By censoring us, the University is giving in to the extortion of far-right donors and politicians who insist on silencing all critics of Israel, even at the expense of our safety and free speech, even as Israel commits what more and more of the international community is calling a genocide against Palestinians. Censoring progressive Jews is only the latest example of Penn caving to the far-right.

Earlier this year, in September, rock music artist Roger Waters, an outspoken opponent of Israel’s oppression of the Palestinian people, was banned from participating in person at a Palestinian literature and cultural festival on campus. Waters has been slandered by defenders of the Israeli government as antisemitic for his political criticisms, which have reached a global audience through his “This Is Not a Drill” concert tour.

Penn is not the only college trying to stop showings of the film Israelism. Students of Hunter College in New York City had a November 14 screening canceled by administrators. A cinema in Hamilton, Ontario, Canada initially canceled its showing under pressure from pro-Israeli elements, before reversing course amid protests and putting the film back on its schedule this week. 

The effort to silence all opposition to the genocide, spearheaded by some of the wealthiest universities in the country—including Harvard, Brandeis, and Penn—continues. Other schools have also tried to silence or intimidate protests and support for Palestinians. Recently, a student-run high school newspaper in San Diego was pressured to cut a political cartoon which criticized the Gaza genocide.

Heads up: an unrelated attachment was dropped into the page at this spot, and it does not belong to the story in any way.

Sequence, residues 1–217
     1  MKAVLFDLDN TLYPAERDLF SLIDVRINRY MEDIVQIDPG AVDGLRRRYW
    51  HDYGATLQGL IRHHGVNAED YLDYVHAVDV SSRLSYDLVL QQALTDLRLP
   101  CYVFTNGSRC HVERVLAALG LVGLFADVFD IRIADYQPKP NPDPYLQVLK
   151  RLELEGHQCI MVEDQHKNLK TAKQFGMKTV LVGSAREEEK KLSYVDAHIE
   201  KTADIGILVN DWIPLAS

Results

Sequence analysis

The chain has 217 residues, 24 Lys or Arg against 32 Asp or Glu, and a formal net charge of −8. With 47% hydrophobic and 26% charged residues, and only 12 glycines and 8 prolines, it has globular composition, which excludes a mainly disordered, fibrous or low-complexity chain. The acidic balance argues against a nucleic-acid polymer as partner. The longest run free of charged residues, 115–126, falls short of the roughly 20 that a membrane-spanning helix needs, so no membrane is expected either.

On Tuesday, Penn’s president Liz Magill testified before a Congressional committee hearing entitled, “Holding Campus Leaders Accountable and Confronting Antisemitism.” Joined by Massachusetts Institute of Technology President Dr. Sally Kornbluth and Harvard University President Dr. Claudine Gay, the college presidents were badgered by reactionary politicians of both parties to censor student groups and quash free speech on the campuses, based on the amalgam that opposition to the genocide in Gaza is the same as antisemitsm. 

Magill accepted the amalgam, assuring the members of Congress that the university “has made clear antisemitism is vile and pernicious and has no place at Penn... The university will continue to vigilantly combat antisemitism and all forms of hate.”

Magill did not make reference to Chavurah, the Jewish student group her administration is threatening.